A courtroom drama is a popular type of dramatic film which involves at least one trial and centers much of the emotion and tension within a court of law.

The two most astounding and memorable courtroom dramas on film I have watched are Billy Wilder’s adaptation of the Agatha Christie classic, Witness for the Prosecution (1957) and B. R. Chopra’s Kanoon (1960.)

More recently, a very subdued film entitled Court (2014) directed by debutant Chaitanya Tamhane was not really a courtroom drama. There were no thrills or intrigue but the courtroom itself became the protagonist unfolding the irony of the injustice that sustains within the very room that is expected to meet out justice to the victim and punishment to the perpetrator.

Within these two polarities, one may safely place 420 IPC written and directed by Manish Gupta released on ZEE5 on December 17 which does not deal with murders and murderers but with a larger world of financial jugglery such as stealing, falsifying cheques, and unimaginable corruption amounting to hundreds of crores of rupees hauling in court a very simple, low-profile Bansi Keswani (Vinay Pathak) for crimes he claims he is innocent of.

Vasvani is a chartered accountant who manages the income tax profiles of the families of high-powered, corporate giants and government officers. He runs a small office with a small staff and lives with his wife and growing son. Within this ambience, no one knows why he is in deep debt, has fallen back on the EMIs on his flat and is going to be kicked out of his flat soon, he repeats every once in a while.

He is first trapped by the CBI for having hidden the cash stolen by Sandesh Bhonsle, Deputy Director of MMRDA, who is absconding with a massive stash of money. His family CA Vaswani, is suspected of being in collusion with him and of hiding all or much of the stolen stash somewhere. But Vasvani comes out of it unscathed as a thorough search of his flat, his documents and his past records reveal nothing untoward.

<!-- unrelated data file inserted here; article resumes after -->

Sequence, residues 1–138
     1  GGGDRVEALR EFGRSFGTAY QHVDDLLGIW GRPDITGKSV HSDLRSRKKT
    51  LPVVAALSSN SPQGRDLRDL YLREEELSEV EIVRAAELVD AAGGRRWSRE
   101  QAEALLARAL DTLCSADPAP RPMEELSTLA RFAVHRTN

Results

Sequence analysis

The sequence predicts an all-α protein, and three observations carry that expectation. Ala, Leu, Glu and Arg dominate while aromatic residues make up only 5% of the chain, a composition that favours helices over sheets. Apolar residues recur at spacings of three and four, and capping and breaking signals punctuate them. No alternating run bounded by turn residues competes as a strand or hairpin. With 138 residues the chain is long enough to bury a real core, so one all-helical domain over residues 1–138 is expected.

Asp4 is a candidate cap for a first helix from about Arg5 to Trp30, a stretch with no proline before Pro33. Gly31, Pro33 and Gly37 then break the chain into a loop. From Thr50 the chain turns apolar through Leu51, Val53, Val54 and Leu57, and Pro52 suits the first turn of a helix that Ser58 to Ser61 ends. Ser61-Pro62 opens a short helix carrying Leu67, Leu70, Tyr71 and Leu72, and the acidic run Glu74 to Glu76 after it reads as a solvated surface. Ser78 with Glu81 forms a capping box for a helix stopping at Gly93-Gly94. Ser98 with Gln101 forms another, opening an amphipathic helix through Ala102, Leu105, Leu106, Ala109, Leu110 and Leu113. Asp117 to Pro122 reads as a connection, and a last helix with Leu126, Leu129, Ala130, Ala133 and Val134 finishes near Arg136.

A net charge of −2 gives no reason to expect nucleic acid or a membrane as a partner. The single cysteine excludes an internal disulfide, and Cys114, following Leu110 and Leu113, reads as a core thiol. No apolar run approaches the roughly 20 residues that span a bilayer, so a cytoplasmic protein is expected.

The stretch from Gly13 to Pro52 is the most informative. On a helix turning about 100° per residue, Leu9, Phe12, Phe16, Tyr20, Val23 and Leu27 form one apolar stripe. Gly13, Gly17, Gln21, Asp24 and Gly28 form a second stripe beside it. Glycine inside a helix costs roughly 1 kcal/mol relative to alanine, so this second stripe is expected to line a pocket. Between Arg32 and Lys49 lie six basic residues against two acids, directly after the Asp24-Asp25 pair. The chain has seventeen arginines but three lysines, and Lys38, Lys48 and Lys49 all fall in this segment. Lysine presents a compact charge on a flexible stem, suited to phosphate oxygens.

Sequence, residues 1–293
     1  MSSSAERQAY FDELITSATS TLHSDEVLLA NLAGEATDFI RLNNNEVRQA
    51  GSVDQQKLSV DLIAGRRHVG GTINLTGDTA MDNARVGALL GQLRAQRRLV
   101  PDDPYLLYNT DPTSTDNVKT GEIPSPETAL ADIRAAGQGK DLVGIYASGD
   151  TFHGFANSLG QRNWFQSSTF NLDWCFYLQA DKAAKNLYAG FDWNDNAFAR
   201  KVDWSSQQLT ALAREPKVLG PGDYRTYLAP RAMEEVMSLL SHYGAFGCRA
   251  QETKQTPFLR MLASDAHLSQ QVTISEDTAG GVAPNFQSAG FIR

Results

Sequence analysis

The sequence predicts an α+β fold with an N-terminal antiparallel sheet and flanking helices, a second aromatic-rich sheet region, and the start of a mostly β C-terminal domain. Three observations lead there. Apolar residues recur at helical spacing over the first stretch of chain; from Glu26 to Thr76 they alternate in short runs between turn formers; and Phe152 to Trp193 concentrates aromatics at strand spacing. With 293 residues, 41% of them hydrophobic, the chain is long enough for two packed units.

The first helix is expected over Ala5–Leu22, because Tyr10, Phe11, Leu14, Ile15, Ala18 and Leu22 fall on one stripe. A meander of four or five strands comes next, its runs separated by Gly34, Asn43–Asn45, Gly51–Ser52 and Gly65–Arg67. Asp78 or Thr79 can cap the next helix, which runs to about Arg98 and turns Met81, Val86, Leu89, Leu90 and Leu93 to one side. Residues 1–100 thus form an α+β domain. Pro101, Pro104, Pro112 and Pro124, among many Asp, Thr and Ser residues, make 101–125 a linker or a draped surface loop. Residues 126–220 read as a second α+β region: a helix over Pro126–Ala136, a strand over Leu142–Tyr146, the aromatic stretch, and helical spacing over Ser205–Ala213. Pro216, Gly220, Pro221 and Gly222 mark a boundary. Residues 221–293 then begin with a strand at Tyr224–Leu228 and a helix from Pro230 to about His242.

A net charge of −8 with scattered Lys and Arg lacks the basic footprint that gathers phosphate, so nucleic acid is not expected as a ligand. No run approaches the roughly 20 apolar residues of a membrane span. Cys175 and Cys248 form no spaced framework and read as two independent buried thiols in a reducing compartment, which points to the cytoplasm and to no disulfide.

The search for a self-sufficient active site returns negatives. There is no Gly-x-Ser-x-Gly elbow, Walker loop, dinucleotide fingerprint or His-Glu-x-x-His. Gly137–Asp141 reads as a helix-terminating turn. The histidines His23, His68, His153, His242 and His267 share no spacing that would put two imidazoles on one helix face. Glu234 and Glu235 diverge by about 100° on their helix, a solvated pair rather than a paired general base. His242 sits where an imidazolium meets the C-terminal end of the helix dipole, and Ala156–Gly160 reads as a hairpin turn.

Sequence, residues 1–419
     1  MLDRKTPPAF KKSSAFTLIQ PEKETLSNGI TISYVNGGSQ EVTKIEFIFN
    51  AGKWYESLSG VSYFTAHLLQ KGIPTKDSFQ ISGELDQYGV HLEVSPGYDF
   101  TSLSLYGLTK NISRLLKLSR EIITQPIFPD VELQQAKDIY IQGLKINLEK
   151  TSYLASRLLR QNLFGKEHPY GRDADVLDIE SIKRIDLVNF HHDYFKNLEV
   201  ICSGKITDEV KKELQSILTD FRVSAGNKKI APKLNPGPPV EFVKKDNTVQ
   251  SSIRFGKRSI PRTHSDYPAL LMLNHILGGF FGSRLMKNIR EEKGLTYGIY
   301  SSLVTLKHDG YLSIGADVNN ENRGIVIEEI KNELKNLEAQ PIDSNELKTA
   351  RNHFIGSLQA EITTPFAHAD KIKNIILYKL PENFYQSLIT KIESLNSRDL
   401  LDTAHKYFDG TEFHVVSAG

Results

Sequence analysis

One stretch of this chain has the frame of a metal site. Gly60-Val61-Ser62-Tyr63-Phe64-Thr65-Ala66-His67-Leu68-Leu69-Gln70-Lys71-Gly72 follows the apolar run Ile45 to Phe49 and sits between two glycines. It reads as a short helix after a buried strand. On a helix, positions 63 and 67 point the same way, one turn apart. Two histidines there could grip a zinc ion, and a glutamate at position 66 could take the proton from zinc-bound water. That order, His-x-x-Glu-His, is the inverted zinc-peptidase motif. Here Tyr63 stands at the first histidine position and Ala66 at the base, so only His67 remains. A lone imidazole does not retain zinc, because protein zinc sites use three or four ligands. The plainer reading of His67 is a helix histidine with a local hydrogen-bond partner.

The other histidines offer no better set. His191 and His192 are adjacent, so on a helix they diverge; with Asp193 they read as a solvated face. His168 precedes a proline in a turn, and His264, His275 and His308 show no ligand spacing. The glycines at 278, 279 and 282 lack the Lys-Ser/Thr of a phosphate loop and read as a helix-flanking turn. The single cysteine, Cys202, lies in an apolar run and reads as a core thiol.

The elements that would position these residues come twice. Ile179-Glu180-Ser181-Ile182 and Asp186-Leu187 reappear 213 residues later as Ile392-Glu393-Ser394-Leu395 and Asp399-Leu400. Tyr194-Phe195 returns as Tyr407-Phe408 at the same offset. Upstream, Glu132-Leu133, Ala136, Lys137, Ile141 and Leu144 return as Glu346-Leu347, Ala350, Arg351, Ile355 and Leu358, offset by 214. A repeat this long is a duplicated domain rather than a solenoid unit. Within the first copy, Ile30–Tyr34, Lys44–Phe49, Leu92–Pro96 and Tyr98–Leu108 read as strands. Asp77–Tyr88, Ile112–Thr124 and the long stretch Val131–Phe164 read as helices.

Before he can let out a breath of relief, three months later, he is arrested for forging three cheques of Rs.50 lakhs each he is accused of having stolen from his very rich builder client (Arif Zakaria). This slimy guy complains to the police and hires one of the most expensive and famous lawyers in town for the prosecution.

Since the family cannot hire an expensive lawyer, they fall back on a very junior and less expensive counsel for the defence in the name and style of Birbal Chaudhary (Rohan Vinod Mehra), a strapping, handsome young man who speaks English perhaps more impeccably than his status explains.

Birbal is pitted against Savak Jamshedji (Ranvir Shorey), a very well-known, veteran lawyer, who looks down with some disdain on his young and raw rival in the courtroom. It turns out that Jamshedji, a Parsee, is friendly with the judge of the present case, also a Parsee.

But Birbal Chaudhary is not to be underestimated. Not only is he an intelligent young man who knows his law thoroughly, but is also a master at manipulating incidents and faking proof. He spends money to extract information from a lady cop and pays heavy sums to a friend to hack into other people’s networks and to “create” evidence that does not exist. He is not cowed down even when his fake evidence is caught and does not lose his cool when he seems to have allowed the case to go beyond his control.